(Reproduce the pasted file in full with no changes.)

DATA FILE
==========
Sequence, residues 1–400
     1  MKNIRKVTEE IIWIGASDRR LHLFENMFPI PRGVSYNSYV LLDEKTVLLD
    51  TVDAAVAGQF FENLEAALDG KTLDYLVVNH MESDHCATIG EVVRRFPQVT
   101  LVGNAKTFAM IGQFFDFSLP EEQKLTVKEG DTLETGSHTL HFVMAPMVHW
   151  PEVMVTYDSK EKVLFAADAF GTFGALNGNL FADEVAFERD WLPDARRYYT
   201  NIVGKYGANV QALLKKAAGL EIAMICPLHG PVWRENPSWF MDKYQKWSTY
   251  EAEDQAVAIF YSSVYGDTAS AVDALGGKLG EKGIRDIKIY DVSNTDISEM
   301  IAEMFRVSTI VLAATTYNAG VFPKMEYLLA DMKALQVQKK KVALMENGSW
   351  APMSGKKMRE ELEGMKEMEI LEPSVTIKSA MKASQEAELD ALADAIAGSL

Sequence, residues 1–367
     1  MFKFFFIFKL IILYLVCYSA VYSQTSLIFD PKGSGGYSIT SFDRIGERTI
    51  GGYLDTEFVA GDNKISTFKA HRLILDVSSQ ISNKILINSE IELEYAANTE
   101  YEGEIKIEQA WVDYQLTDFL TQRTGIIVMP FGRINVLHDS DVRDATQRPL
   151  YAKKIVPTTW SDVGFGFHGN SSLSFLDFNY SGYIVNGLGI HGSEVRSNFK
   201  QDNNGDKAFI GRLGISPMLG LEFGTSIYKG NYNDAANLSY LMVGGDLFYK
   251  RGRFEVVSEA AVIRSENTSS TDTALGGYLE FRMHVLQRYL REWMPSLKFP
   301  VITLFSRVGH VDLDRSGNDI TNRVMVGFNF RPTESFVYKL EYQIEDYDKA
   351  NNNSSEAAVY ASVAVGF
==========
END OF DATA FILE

Sequence, residues 1–400
     1  MKNIRKVTEE IIWIGASDRR LHLFENMFPI PRGVSYNSYV LLDEKTVLLD
    51  TVDAAVAGQF FENLEAALDG KTLDYLVVNH MESDHCATIG EVVRRFPQVT
   101  LVGNAKTFAM IGQFFDFSLP EEQKLTVKEG DTLETGSHTL HFVMAPMVHW
   151  PEVMVTYDSK EKVLFAADAF GTFGALNGNL FADEVAFERD WLPDARRYYT
   201  NIVGKYGANV QALLKKAAGL EIAMICPLHG PVWRENPSWF MDKYQKWSTY
   251  EAEDQAVAIF YSSVYGDTAS AVDALGGKLG EKGIRDIKIY DVSNTDISEM
   301  IAEMFRVSTI VLAATTYNAG VFPKMEYLLA DMKALQVQKK KVALMENGSW
   351  APMSGKKMRE ELEGMKEMEI LEPSVTIKSA MKASQEAELD ALADAIAGSL

Sequence, residues 1–367
     1  MFKFFFIFKL IILYLVCYSA VYSQTSLIFD PKGSGGYSIT SFDRIGERTI
    51  GGYLDTEFVA GDNKISTFKA HRLILDVSSQ ISNKILINSE IELEYAANTE
   101  YEGEIKIEQA WVDYQLTDFL TQRTGIIVMP FGRINVLHDS DVRDATQRPL
   151  YAKKIVPTTW SDVGFGFHGN SSLSFLDFNY SGYIVNGLGI HGSEVRSNFK
   201  QDNNGDKAFI GRLGISPMLG LEFGTSIYKG NYNDAANLSY LMVGGDLFYK
   251  RGRFEVVSEA AVIRSENTSS TDTALGGYLE FRMHVLQRYL REWMPSLKFP
   301  VITLFSRVGH VDLDRSGNDI TNRVMVGFNF RPTESFVYKL EYQIEDYDKA
   351  NNNSSEAAVY ASVAVGF